Test 4: Chapters 30, 31, 33, & 35
Test 4: Chapters 30, 31, 33, & 35 NBSN3010C
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This 15 page Study Guide was uploaded by Trisha Riley on Sunday October 4, 2015. The Study Guide belongs to NBSN3010C at University of Cincinnati taught by Butts in Fall 2015. Since its upload, it has received 14 views. For similar materials see Continuum of Care for Children and Families in Nursing and Health Sciences at University of Cincinnati.
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Date Created: 10/04/15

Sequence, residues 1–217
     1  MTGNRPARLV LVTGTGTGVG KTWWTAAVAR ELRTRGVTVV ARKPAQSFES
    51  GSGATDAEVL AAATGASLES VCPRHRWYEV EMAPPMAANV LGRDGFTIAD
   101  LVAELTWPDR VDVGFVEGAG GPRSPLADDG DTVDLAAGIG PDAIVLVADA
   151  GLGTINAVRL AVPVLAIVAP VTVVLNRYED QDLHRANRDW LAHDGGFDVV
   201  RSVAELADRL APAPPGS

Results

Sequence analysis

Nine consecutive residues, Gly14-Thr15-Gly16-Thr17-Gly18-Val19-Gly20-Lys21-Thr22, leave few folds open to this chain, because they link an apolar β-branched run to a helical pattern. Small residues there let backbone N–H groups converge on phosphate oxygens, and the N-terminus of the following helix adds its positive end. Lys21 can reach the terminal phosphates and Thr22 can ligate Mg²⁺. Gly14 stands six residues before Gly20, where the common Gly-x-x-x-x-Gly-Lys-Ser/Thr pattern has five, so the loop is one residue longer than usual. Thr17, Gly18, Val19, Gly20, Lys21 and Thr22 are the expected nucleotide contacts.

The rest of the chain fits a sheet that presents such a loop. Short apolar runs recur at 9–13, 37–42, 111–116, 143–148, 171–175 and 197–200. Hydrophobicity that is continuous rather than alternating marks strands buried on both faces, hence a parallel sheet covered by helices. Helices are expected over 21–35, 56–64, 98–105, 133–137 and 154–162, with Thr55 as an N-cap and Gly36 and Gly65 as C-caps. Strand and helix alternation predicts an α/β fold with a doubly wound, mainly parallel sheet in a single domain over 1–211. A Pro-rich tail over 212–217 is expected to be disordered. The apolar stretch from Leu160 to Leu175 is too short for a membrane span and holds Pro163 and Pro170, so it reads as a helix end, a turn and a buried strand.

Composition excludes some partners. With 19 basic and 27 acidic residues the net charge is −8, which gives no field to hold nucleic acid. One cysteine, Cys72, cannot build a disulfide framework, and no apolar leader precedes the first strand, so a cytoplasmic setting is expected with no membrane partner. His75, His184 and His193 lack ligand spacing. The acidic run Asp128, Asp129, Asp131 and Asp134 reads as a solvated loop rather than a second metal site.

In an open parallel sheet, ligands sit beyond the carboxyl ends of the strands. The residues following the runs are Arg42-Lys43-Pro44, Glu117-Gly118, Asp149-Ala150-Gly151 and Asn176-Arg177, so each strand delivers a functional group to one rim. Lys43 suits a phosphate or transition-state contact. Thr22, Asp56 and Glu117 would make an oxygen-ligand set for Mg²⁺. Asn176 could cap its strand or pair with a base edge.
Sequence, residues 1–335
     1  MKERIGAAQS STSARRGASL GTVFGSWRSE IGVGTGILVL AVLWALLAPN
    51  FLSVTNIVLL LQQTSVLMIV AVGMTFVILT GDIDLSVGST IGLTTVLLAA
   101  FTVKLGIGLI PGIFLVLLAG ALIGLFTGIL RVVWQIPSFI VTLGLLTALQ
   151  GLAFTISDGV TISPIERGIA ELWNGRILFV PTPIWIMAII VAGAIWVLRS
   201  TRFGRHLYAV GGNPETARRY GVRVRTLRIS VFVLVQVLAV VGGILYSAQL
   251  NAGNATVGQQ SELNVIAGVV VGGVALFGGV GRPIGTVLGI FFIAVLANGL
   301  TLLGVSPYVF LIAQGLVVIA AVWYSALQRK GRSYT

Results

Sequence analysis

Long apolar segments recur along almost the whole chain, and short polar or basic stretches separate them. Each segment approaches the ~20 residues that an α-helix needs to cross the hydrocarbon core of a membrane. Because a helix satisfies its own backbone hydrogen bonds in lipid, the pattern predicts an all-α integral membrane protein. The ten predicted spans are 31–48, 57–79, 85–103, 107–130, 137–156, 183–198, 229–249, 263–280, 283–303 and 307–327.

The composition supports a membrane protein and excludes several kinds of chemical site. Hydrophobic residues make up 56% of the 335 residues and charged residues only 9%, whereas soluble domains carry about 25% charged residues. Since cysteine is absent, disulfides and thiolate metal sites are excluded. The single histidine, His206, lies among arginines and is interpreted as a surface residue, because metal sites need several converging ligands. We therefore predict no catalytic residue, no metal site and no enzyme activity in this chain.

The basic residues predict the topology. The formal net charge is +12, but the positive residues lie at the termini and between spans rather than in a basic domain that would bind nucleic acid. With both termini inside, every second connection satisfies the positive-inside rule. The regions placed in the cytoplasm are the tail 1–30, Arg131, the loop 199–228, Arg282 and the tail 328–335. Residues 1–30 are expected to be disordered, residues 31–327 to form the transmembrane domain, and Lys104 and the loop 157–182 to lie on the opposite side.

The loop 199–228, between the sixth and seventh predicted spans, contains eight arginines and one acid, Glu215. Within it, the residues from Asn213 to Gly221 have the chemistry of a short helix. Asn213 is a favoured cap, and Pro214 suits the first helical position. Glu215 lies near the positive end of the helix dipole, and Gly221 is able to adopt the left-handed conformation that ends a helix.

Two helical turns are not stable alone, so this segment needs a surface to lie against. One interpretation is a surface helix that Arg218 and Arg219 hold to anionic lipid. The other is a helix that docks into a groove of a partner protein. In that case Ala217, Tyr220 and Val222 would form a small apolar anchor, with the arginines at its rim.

Chapter 33 Alterations in Neurologic Function Friday September 11 2 15 234 AM Head injury early signs of Increased lntracranial Pressure ICP 0 Headache 0 Visual disturbance diplopia 0 Nausea and vomiting Dizziness or vertigo 0 Slight change in VS 0 Pupils not as reactive or equal 0 Sun setting eyes sclera visible above the iris cranial nerve VI palsy CAN ALSO BE LATE SIGN 0 Slight change in LOC restlessness Additional signs in infants 0 Bulging fontanel 0 Wide sutures increased head circumference 0 Dilated scalp veins 0 Irritability 0 Highpitched catlike cry Late signs of ICP 0 Significant decrease in LOC 0 Increased systolic blood pressure and widened pulse pressure 0 Bradycardia O Irregular respirations 0 Fixed and dilated pupils papilledema Hydrocephalus pg 1174 0 Congenital structural defect in infancy ie DandyWalker syndrome ArnoldChiari malformation aqueductal stenosis 0 Acquired injury in infancy intraventricular hemorrhage 0 Early Signs 0 Rapidly increasing head circumference tense full or bulging anterior fontanel split sutures Bossing protrusion of frontal area face disproportionate to skill size Difficulty holding up head Macewen or quotcrackedpotquot sign with percussion Prominent distended scalp veins translucent scalp skin Increased tone or hyperreflexia Babinski sign Irritability or lethargy poor feeding o Decline in LOC 0 Late Signs 0 Apnea episodes Shrill highpitched cry Difficulty swallowing or feeding vomiting Regression in developmental milestones Sunsetting eyes sclera visible above iris sixth central nerve palsy causing paralysis of upward gaze O Cardiopulmonary depression severe cases 000000 0000 CFS fluid is higher in the brain Possible causes Pediatric Exam 4 Page 1 0 Space occupying lesion 0 Infection meningitis 0 Accident Signs and symptoms 0 Gait imbalance 0 Speech 0 Weakness 0 If continues for too long head size can get larger Treatment 0 Shunt from one of the ventricles to the peritoneal space where it drains don39t want too much to drain just right Meningitis pg 1165 Most common H Flu B Spinal Tap to diagnose Bacterial family gets rifampin urine turns orange Reye39s Syndrome pg 1171 0 Acute encephalopathy a cerebral dysfunction caused by toxic inflammatory or anoxic insult or injury that may result in permanent tissue damage and hepatic dysfunction Causes influenza or chicken pox Associated with use of aspirin GuillainBarre Syndrome Postinfectious Polyneuritis pg 1171 IVIG do not get flu vaccine Cerebral Palsy pg 1187 0 Happens just before during orjust after birth 0 Cannot be cured 0 Some type of brain injury due to anoxia 0 Should remain same deficit throughout life Seizure Disorders pg 1156 Febrile Seizures TonicClonic Grand mal can become cyanosis Absence Seizures Partial Seizures Aura feeling or smell before seizures precursor Status epilepticus prolonged continuous seizure of 20 minutes or two or more seizures without full return to baseline between episodes Treatment Some children are on several medications to control seizures Meds to know Dilantin overgrowth of the gums dental infections IV is harmful to the skin if it comes out of vein Keppra Neural Tube Defects pg 1178 3 types Spina bifida occulta Meningocele Pediatric Exam 4 Page 2 Meningomyelocele Craniosynostosis pg 1184 Bones form too soon Surgery required to allow brain to expand Large forehead HC is important Posterior fontanel closes by 23 months Anterior fontanel closes by 1218 months Craniosynostosis closes at about 6 months Skull Fractures pg 1203 0 Linear Fracture most common type of fracture can potentially be caused by abuse may have overlying hematoma or soft tissue swelling usually no symptoms Pediatric Exam 4 Page 3 Chapter 30 Alterations in Gastrointestinal Function Wednesday September 23 2 15 92 AM Structural Defects Cleft lip 0 Unilateral opening on one side did not form 0 Bilateral opening on both sides did not form Cleft palate 0 Opening in the soft palate Feeding is hard breast feeding nearly impossible they cannot form suction have to use a long nipple or a bottle in which parentcaregiver has to squeeze Speech is difficult some countries do not perform surgeries Operation Smiles Cleft lippalate surgery 0 Important for infant to not touch suture line or lay on their bellies position them on their side for at least the first 5 days while suture is healing 0 Risk of infection 0 May not be able to eat maintain IV fluids 0 Elbow restraints so they cannot bend their arms stiff with tongue blades Esophageal atresia and Tracheoesophageal fistula 0 Esophageal atresia Esophagus ends no connection to the stomach 0 Tracheoesophageal fistula has an opening to the lungs from esophagus 0 Symptoms choking cyanosis excessive drooling crying O Atresia throw it up 0 Fistulacyanosischoking 0 Nursing NPO raise HOB suction after feeding call MD Pyloric stenosis 0 Stomach goes down into the small intestine narrowed 0 Shows up at about 5 weeks old narrowing is at its worst 0 Cardinal signal projectile vomiting 0 More common in males 0 Babies are irritable and hungry nutrition is large because they lose most feeding 0 Abdominal xray quotalmondolivequot shape where stomach empties Surgery open pylorus up 0 After surgery babies start feeding slowing slow increase 1 spit is okay but vomiting after feeding call MD lntussusception 0 Piece of the small bowel telescopes into large bowel and GETS STUCK 0 Classic signs colicky intermittent pain 8 out of 10 drawn up knees 1015 minutes subsides then comes back 0 Manipulate bowel with enema forcing connection apart if unsuccessful surgery is required because bowel can die 0 Schoolage common 0 Red currant jelly blood and mucous because there is no stool Abdominal Wall Defects Pediatric Exam 4 Page 4 Gastroschisis 0 Polish sausage 0 Intestines on the outside of abdominal wall or covering 0 Need to keep area moist if it dries out bowel can die 0 Moist saline until surgery can be performed Omphalocele 0 at the belly button 0 Intestine coming out 0 Put a silo covering over intestine and little by little push intestine back in not all at once 0 Lose temperature usually under radiant warmer If bowel is not functioning with these defects they will probably be on TPN Anorectal Malformations Anal stenosis 0 Obturators have to be inserted into rectum to make it bigger has to be done a couple times a day to prevent stool from not being able to come out 0 If very severe surgery may be needed 0 Often on bowel regimens high fiber to make stool looser Anal atresia 0 Anus is not open 0 03 1 rectum temperature 0 When the first stool is passed needs documented 0 If thermometer can39t be inserted or no stool do they have an opening 0 Intestines can burst at risk for peritonitis 0 Ostomy in different places 0 Observe stoma pink beefy red skin around it good wound care bags come off regularly use a dressing on the skin to prevent breakdown and attach bag to dressing not skin Hernia bowel pouches out inguinal or stomach 0 Severe surgery is considered Congenital Diaphragmatic Hernia stomach contents go up through the diaphragm due to an opening emergency 0 Lifethreatening 0 Prepare for intubation 0 Possible longterm complications pulmonary HTN Umbilical hernia 0 Results from imperfect closure or weakness of umbilical ring 0 Common condition in childhood and occurs more frequently in Black children and lowbirth weight infants 0 Most defects appear prior to 6 months of age and will resolve spontaneously by 1 year of age 0 Surgery is needed if strangulation occurs or if it is not resolved by 4 to 5 years McBurney39s Point Pediatric Exam 4 Page 5 umbilicus appendix locatib oquot O I upper part of pelvic bone Peptic Ulcers 0 Erosion of the mucosal tissue in the lower end of the esophagus 0 Can be classified as primary or secondary depending on their etiology 0 Primary occur in healthy children 0 Secondary occur in children with preexisting illness or injury such as a burn and in children receiving medications ie salicylates corticosteroids NSAIDs Appendicitis NEC necrotizing enterocolitis which population is most susceptible Pg 1018 0 Potentially lifethreatening inflammatory disease of the intestinal tract Meckel39s Diverticulum 0 Results when omphalomesenteric duct connects the midgut to the yolk sac during embryonic development fails to atrophy 0 Clinical manifestations normally appear by age 2 0 Commonly presents with bloody stool irritability fatigue abdominal pain and distention nausea and vomiting 0 Most commonly presents GI bleeding or obstruction Inflammatory Bowel Diseases 0 Crohn39s disease 0 Chronic inflammatory process can occur randomly throughout the GI tract ileum colon and rectum are common sites 0 Distinct feature development of enteric fistulas between loops of bowel or nearby organs 0 Complications include perforation hemorrhage strictures fistulas liver disease and toxic megacolon O Sx subtle abdominal cramping followed by diarrhea fever anorexia growth failureweight loss general malaise joint pain 0 Ulcerative colitis 0 Chronic recurrent disease of the large intestine and rectal mucosa 0 Inflammation is limited to the mucosa 0 Can involve the entire length of the bowel with varying degrees of inflammation ulceration hemorrhage and edema O Prevalent in Jewish heritage O Sx diarrhea lower abdominal pain and cramping present before and during bowel movement and relieved after stool is often mixed with blood and mucus weight lossdelayed growth nutritional deficiencies arthralgias Disorders of Motility Pediatric Exam 4 Page 6 Gastroesophageal reflux and GERD 0 Disease worry about ulcers 0 Longterm risk damage to the esophagus Constipation 0 Chronic constipation for different reasons 0 Some children will hold their stool and the longer it is in there it loses water constipation is severe 0 Increased fiber enemas Encorpresis 0 Soil their pants 0 Wear dark clothing doesn39t show 0 Extra outfit in nurses office 0 Can be chronic Hirschsprung Disease 0 AKA congenital aganglionic megacolon nerves along colon do not work 0 Xray colon gets huge 0 Genetic more males than females 0 Not diagnosed right away constipation is common 0 Straining to go 0 High fiber increased fluids Gastroenteritis 0 Vomiting and diarrhea 0 Something is irritating intestines 0 Most commonly a viral infection 0 Worry about both vomiting and diarrhea leading to dehydration can be very serious loss of fluid and electrolytes can lead to very sick 0 Rotavirus bright green stool leading cause 0 Try to feed small amounts and see if tolerated Intestinal parasitic disorders 0 Gets into GI tract and spreads 0 Salmonella Shagella usually treat with an antibiotic 0 Stool cultures look for bacteria 0 Larva and eggs stool ova and parasite Disorders of Malabsorption Short bowel syndrome 0 Missing part or large part of intestine 0 Biliary atresia do not have bile ducts from the liver unable to digest food 0 Transplanting 45 or 6 organs multiorgan transplant 0 TPN provided initially 0 Oral and enteral feedings are instituted gradually to allow the bowel time to compensate 0 Maintain skin integrity Celiac disease 0 Glutensensitive enteropathy 0 Manifestations Pediatric Exam 4 Page 7 steatorrhea Chronic diarrhea Growth impairment Abdominal distention Poor appetite Lack of energy 0 Muscle wasting with hypotonia 0 Skinny arms and legs huge belly 0 Avoid wheat barley rye oats OOOOOO Lactose intolerance Feeding disorders 0 Colic paroxysmal abdominal pain and severe crying I Pica indigestion of nonfood items or food items consumes in abnormal quantities or forms ie starch peeling paint paper 0 Rumination rare and serious form of chronic regurgitation of recently ingested food into the mouth followed by rechewing and reswallowing or expulsion of the material Hepatic Disorders Hyperbilirubinemia pg 1033 0 Too much bilirubin in their blood jaundice too high for too long can affect their brain 0 Bili lightsbili blankets draw bilirubin out Biliary atresia pg 1034 0 Results when extrahepatic bile ducts fail to develop or are closed 0 Disorder leads to cholestasis cirrhosis endstage liver disease and death by 2 years old IF LEFT UNTREATED 0 Most common cause of pathologic jaundice in infants and leading indication for pediatric LIVER TRANSPLANT 0 Longterm TPN Viral hepatitis pg 1036 0 Inflammation of the liver caused by a viral infection acute or chronic 0 Acute rapid onset and if untreated can lead to chronic 0 Most common causative organisms hep A hep B and hep C 0 Acute hepatitis 0 Anicteric absence ofjaundice I Usually lasts 57 days I Nausea vomiting anorexia malaise fatigue RUQ pain hepatosplenomegaly fever I Child become irritable looks ill requires rest 0 cteric jaundice I Darkening of urine claycolored stools yellowing of skin and sclera I Phase lasts about 4 weeks 0 Complete recovery may take 1 to 3 months Elements to eliminate Hepatitis B virus infections pg 1037 0 Education about needle sticksunprotected sex 0 Vaccination Hepatosplenomegaly Pediatric Exam 4 Page 8 Cirrhosis pg 1039 Injuries to GI system Seatbelt injury Ingestion of foreign substance or foreign objects Call poison control describe what was ingested vomit or milk HSP can cause severe stomach discomfort purpura over their abdomen Malrotation Emergency Peritonitis or death Pediatric Exam 4 Page 9 Chapter 31 Alterations in Genitourinary Function Friday September 252 2 15 92 AM Bladder Exstrophy 0 Congenital defect 0 Abdominal wall does not fuse during fetal development which leads to 0 Exposure of the bladder wall 0 Separation of the rectus muscles 0 Widening of the symphysis pubis 0 Upper urinary tract is usually normal 0 Clinical manifestations o Bladder mucosa appears as a bright red mass 0 Urine leaks from the ureters onto the skin continuously 0 Females have a bifid split clitoris O Males have a short penis and the glans is flattened with dorsal chordee shortage of skin on the ventral side of the penis that cause the penis to curve 0 Undescended testicles and inguinal hernias are common Hypospadias amp Epispadias 0 Congenital anomalies involving an abnormal location of the urethral meatus 0 Defects result from failure of the urethral folds to fuse completely over the urethral groove 0 Surgical correction generally occurs during the first year of life to minimize psychological effects Nephrosis water on the kidneys and kidney infections can occur with significant damage to the kidneys and is a common cause of renal failure in children Neurogenic bladder an interrupted nerve supply from myelomeningocele or spinal cord trauma impairs bladder voiding function and leads to incomplete bladder emptying VU R Vesicoureteral Reflux 0 Backflow of urine from the bladder into the ureters during voiding another cause of UTI 0 May result from structural anomaly in which the ureters insert in an abnormal position into the bladder 0 Degree of reflux determines if daily antibiotics are needed to prevent infection or if surgery is needed 0 If antibiotic given most commonly Bactrim 0 Surgery involves cutting and repositioning the ureter 0 Mitrofanoff small tunnel from the bladder to the outside of the body used to empty bladder with catheter PruneBelly Syndrome 0 AKA EagleBarrett syndrome 0 Congenital defect characterized by failure of the abdominal musculature to develop 0 Skin covering the abdominal wall is thin and resembles a wrinkled prune 0 Other characteristics 0 Urinary tract anomalies 0 Poor urethral peristalsis o Enlarged bladder 0 High risk for recurrent urinary tract infection Pediatric Exam 4 Page 10 O O Vesicoureteral reflux Bilateral cryptorchidism 0 Occurs predominantly in males 95 0 Incidence of 1 in 3000050000 live births 0 Associated anomalies of PruneBelly Syndrome o GU I Cryptorchidism I Renal dysplasia I Vesicoureteral reflux 0 Respiratory I Pulmonary hypoplasia 0 Cardiovascular I Atrial septal defect I Patent ductus arteriosus I Tetralogy of Fallot I Ventricular septal defect 0 GI I Gastroschisis I mperforate anus I Malrotation with volvulus O Musculoskeletal I Clubfoot I Congenital hip dysplasia I Pectus excavatum I Carinatum Nephrotic Syndrome 0 Common characteristics 0 Edema O Snug fit of clothing and shoes 0 Pallor 0 Hypertension O Irritability O Anorexia O Hematuria o Decreased urine output 0 Nonspecific malaise O Urine may be frothy or foamy 0 Respiratory distress from pleural effusion may occur in some cases 0 Lab findings 0 O 0 3 to 4 protein Hypoalbuminemia serum albumin levels of less than 25gdL BUN and Creatinine 0 Treatment O 0000 O Albumin pulls protein out of abdomen into blood Lasix first Daily weight Fluid balance ampO39s Decreased Na intake Monitor BP and skin integrity 0 Medications used 0 Corticosteroids therapy Pediatric Exam 4 Page 11 Alkylatingcytotoxic agents Immunosuppressants Diuretics Angiotensinconverting enzyme ACE inhibitor 0 Longterm implications for child 0 Relapses occur in many children 0 Relapse after drug therapy is discontinued receive repeat therapy 0000 Acute Renal Failure ARF 0 Sudden loss of adequate renal function in which the kidneys are unable to clear metabolic wastes and to regulate extracellular fluid volume sodium balance and acidbase homeostasis 0 Can result as a complication of nephrotic syndrome 0 1 or 2 episodes are typically reversible more than 2 episodes generally not reversible Chronic Renal Failure CRF 0 Progressive irreversible reduction in kidney function 0 Ultimately leads to endstage renal disease ESRD 0 May need transplant Acute Postinfectious Glomerulonephritis APG 0 ASO or ASLO blood test done to test for recent strep infection 0 Blood in urine 0 Children typically have a complete recovery of kidney function 0 Can be found in family members known as Bright39s disease 0 May not be associated with strep blood in urine more than once may be a sign 0 Treat underlying infection treat symptoms and assess kidney function Hemolytic Uremic Syndrome HUS 0 Most common cause of acute renal failure in young children occurring primarily in those under 4 years of age 0 Classical triad of symptoms 0 Hemolytic anemia pale O Thrombocytopenia 0 Acute renal failure 0 Often associated with ingestion of Ecoli strain 0157H7 found in undercooked meat and unpasteurized milk and juices 0 Eco strain produces toxin that attaches glomeruli collecting ducts and distal tubules toxin damages the lining of the glomerular arterioles causing endothelial cells to swell and become occluded with platelets and fibrin clots partial occlusion damages RBC39s platelets cluster in areas of vascular endothelial damage glomerular filtration is decreased 0 Little to no urine Polycystic Kidney Disease 0 Genetic disorder that has an autosomal recessive and dominant forms 0 Liver abnormalities are associated with both forms of the disease 0 Autosomal dominant results from mutations on the PKDl locus on chromosome 16 and PKD2 on chromosome 4 0 Autosomal recessive gene PKHDl is located on chromosome 6 0 Can lead to chronic renal failure Structural Defects 0 Phimosis foreskin over the glans penis cannot be retracted normal finding in uncircumcised infants and young males avoid pulling foreskin down fast Pediatric Exam 4 Page 12 0 Cryptorchidism undescended testes occurs when both or one testes fail to descend through the inguinal canal into the scrotum testes normally descend during the 7th to 9th month of gestation 0 Testicular torsion an emergency condition in which the testis suddenly rotates on its spermatic cord cutting off blood supply leading to vascular engorgement and ischemia PAIN Sexually Transmitted Infection 0 Need to be treated 0 Young women can be treated without parents knowledge Pelvic Inflammatory Disease 0 An infection of the upper genital tract caused by the ascending spread of organisms in the cervix and vagina 0 Majority are caused by Chlamydia trachomatis or Neisseria gonorrhoeae Pediatric Exam 4 Page 13 Chapter 35 Alterations in Musculoskeletal amp Neuromuscular Functions Friday September 25 2 15 255 AM Congenital Hip Dysplasia Can one or both sides Shortly after birth physician will move leg to listen for clickpop to check Gluteal folds should be even One hip can be lower than the other Pavlik harness used at birth contraption over diaper with straps over shoulders that will pull hip back into place needs to fit properly stay in it at all time keeps hip in place if it does not work surgery can be done Casts after surgery keeps joint immobilized usually made of plaster heavy do not put anything under to itch allow enough room between skin and cast can cause compartment syndrome if it is too tight circulation major tissue damage check cast and circulation Q15 minutes first few hours Hip spica cast hip involved full length and partially on other leg hole is cut out to change diapers Surgery done by 1 or 15 years before walking if pavlik harness did not work If they have the cast usually don t fit into car seat Hip spica cast on for 68 weeks Club foot amp scoliosis Club foot serial casting may require surgery or multiple surgeries Various types 1258 Foot is usually turned Try cast the foot with serial casting moving the foot a little at a time and cast it Scoliosis treatment depends on severitydegree of curve and how quickly it developschanges Usually screened in schoolage or preadolescent around 5th 7th grade sometimes detected earlier Treatment can include a brace that is worn most of the day surgery brace is not taken off daily Degree of scoliosis is severe lungs and heart may be impacted Usually repaired at a certain degree Usually start donating their blood before surgery potential for huge blood loss during surgery Log roll Sometimes a rod is placed to keep it in place Chest wall deformities Broken Bones Types of fractures Spiral fracture suspicious usually Surgery may include pins halo screws potential for infection Skeletal traction for a fractured femur needs to stay in 90 degree for 3 weeks on back Ages schoolage to early adolescence With wrist or arm wait about 48 hours to allow swelling to decrease and increase risk of compartment syndrome usually in a sling first Compartment syndrome swelling circulation possible fasciotomy Pediatric Exam 4 Page 14 Skin traction keep leg straight Keep traction weights aligned and not touching the floor Slipped head of femur SCFE More common in adolescent males Head of femur slips out of place common in obese Tx LegCalves Perthes Schoolage 710 Tx OI osteogenesis imperfecta quotbrittle bonesquot Subject to breaks Often misdiagnosed in ER Silverman series find old breaks Eyes blue sclera CI Family is sometimes suspected of child abuse Neuromuscular nerves and muscles working together Muscular dystrophy Several types Duchenne muscular dystrophy DMD Gender specific to males Genetic mother passes to son As they get older walking becomes difficult clumsy decreased stamina End up in wheelchair by age 1520 Nutrition GuillainBarre Syndrome Paralysis starts Transverse Myelitis Goes across the body Juvenile Arthritis Affects the bones too Osteomyelitis Infection goes all the way down to the bone Usually 36 weeks of antibiotics Pediatric Exam 4 Page 15